Authorities investigate new video showing Ahmaud Arbery just prior to shooting

Per CBS News, Georgia state investigators are reviewing additional footage from the neighborhood where Ahmaud Arbery was shot to death while jogging in February.

On Friday, people marked what would have been Arbery’s 26th birthday by jogging in white t-shirts. Omar Villafranca reports.

AJC reports GBI agents in the Ahmaud Arbery murder investigation are reviewing additional video from the Glynn County neighborhood where he was shot to death as they piece together the minutes before the fatal confrontation that has drawn national attention to Georgia and its justice system.

Investigators are reviewing the tape, recorded minutes before the Feb. 23 killing, to gain a better understanding of what transpired before the shooting.“We are using video to put the timeline together to fill in the blanks of what happened that afternoon,” said Scott Dutton, GBI’s Deputy Director of investigations.

The digital video file was obtained by The Atlanta Journal-Constitution from a source outside the GBI on Friday, and investigators confirmed it was part of the case file when the agency entered the case on Tuesday.

“We are indeed reviewing additional video footage and photographs as part of the active case,” the GBI said in a statement Saturday afternoon, several hours after the AJC’s article about the video posted online. “It is important to note that this footage was reviewed at the beginning of the GBI investigation and before the arrests of Gregory and Travis McMichael.”

The video appears to be from a home security camera installed at a house about a block from the shooting.A former Fulton County prosecutor who reviewed the video on Saturday said it doesn’t appear to alter the criminal questions facing the two men arrested in the case.

Lawyers representing Arbery’s family said in a Saturday statement that the security camera video proves Arbery did nothing wrong prior to the fatal encounter: “Ahmaud Arbery did not take part in any felony, had no illegal substances in his system, was not armed yet was shot three times with a shotgun at close range.”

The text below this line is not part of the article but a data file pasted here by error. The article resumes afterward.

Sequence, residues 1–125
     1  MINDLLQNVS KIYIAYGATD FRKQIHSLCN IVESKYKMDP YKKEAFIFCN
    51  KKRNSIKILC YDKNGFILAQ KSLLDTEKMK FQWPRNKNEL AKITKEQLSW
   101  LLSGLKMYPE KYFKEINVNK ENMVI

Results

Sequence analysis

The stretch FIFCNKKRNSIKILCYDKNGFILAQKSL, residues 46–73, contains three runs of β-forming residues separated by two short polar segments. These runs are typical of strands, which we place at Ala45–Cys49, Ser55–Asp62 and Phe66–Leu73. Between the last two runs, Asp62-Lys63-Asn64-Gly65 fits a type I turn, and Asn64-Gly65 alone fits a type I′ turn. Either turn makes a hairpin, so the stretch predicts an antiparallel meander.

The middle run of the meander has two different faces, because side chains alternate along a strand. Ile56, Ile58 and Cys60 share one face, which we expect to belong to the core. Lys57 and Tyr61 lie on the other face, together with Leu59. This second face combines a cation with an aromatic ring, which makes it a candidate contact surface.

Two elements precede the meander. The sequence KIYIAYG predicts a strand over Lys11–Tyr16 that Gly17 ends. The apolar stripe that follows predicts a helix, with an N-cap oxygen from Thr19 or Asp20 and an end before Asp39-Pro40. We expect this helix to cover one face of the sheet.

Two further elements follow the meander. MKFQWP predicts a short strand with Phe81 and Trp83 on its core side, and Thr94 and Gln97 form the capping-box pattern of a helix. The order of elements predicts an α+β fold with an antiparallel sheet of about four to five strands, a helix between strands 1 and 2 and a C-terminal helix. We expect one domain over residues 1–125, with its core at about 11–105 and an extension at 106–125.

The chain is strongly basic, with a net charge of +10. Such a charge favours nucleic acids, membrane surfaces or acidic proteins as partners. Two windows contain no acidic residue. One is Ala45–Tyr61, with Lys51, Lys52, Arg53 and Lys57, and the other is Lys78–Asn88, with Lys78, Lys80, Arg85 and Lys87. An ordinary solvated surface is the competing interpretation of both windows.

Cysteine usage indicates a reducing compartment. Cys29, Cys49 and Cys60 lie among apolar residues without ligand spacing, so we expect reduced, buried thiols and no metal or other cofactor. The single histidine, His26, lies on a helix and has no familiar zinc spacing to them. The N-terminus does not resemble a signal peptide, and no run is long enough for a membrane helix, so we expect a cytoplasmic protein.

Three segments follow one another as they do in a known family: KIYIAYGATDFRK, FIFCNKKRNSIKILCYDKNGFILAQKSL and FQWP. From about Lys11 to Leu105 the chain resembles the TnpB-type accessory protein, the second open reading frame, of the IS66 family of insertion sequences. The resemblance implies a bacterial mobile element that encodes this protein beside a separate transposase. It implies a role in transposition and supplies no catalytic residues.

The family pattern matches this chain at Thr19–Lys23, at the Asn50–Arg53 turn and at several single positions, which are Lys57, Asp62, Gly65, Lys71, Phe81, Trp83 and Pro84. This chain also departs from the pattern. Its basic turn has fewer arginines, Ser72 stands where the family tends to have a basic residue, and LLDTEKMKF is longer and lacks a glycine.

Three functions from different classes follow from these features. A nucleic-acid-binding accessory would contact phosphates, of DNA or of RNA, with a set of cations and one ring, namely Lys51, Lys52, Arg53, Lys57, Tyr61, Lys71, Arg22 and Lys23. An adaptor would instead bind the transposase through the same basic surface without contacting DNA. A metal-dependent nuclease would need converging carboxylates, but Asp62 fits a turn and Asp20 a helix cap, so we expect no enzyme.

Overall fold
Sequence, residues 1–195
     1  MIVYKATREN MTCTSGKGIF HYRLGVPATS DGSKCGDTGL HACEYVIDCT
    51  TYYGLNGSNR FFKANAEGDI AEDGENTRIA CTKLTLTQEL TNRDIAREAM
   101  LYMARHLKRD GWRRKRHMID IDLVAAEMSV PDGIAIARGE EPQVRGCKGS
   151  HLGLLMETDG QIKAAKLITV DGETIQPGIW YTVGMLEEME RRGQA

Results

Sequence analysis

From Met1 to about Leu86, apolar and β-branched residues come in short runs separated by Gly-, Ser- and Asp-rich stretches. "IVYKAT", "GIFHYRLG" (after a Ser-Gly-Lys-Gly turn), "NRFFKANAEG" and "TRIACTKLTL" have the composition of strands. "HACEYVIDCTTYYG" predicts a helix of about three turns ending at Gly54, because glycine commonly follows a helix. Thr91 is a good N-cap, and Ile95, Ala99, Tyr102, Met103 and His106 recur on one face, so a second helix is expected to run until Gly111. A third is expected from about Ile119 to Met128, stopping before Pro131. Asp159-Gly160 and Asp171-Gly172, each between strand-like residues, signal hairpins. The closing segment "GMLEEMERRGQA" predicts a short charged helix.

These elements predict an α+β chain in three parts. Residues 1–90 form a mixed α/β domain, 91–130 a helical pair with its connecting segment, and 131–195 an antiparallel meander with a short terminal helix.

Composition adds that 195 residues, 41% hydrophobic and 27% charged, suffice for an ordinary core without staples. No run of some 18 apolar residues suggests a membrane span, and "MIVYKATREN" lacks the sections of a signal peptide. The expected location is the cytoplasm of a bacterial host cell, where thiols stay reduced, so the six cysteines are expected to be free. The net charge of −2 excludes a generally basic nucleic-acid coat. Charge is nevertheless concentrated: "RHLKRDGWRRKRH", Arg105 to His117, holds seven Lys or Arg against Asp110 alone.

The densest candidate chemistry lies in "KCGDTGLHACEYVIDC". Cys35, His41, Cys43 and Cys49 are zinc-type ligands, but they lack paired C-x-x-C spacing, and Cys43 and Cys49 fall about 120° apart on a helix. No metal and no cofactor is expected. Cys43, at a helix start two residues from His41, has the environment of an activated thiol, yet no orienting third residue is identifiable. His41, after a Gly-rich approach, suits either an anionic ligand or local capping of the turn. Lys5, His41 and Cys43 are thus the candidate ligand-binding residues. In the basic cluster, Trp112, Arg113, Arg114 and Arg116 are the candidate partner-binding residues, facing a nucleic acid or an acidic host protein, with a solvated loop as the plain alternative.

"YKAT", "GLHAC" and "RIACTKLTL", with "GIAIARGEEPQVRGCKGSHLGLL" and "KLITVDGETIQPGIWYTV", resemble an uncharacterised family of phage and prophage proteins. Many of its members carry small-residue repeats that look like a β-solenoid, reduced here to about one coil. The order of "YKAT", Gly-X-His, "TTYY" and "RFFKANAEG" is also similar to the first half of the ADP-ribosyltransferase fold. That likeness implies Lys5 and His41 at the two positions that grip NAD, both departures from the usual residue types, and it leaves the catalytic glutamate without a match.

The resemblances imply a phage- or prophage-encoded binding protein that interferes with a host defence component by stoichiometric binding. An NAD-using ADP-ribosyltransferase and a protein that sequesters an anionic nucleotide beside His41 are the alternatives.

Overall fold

Arbery’s family said he liked to jog in the area. One of the armed men who confronted Arbery that day later told police they pursued him because they thought he had been involved in earlier break-ins in the neighborhood.

The video shows a man wearing a white shirt and shorts, who appears to be Arbery, 25, walking down Satilla Drive on that Sunday afternoon. It shows the man walk into the garage of a house under construction and then walk around back of the house.

The tape indicates that man was on the construction site less than five minutes, much of the time out of view of the camera. He did not appear to take anything from the house.Soon after the figure in shorts and t-shirt enters the construction property, a man wearing what appears to be overalls walks near a stand of trees across the street from the site and the figure appears to be observing the construction site.

A minute later, after a car passes, a figure that appears to be Arbery comes out of a front door of the house quickly and runs down the road in the direction of Travis McMichael’s home on Satilla Drive.

McMichael, 34, and his father, Gregory McMichael, 64, were charged Thursday with felony murder and aggravated assault by the GBI.The surveillance video appears to describe what a witness reported to police on a 911 call.

At 1:08 pm that Sunday, the Glynn County 911 center received report that a man was in the house under construction.

The dispatcher responded: “And you said someone is breaking into it right now?

“No,” the caller said. “It’s all open, it’s under construction. And he’s running right now! There he goes right now.”“OK,” the dispatcher asked. “What is he doing?”

“He’s running down the street.”

The dispatcher said she would send police.

Six minutes later another caller called 911 to say, “There’s a black male running down the street.”The security video shows a person, who appears to be Arbery, continuing down Satilla Drive. Former Fulton prosecutor Manny Arora, who reviewed the video, said entry of a construction site is not necessarily a crime. At most, it may be a misdemeanor, unless anything was taken, he said.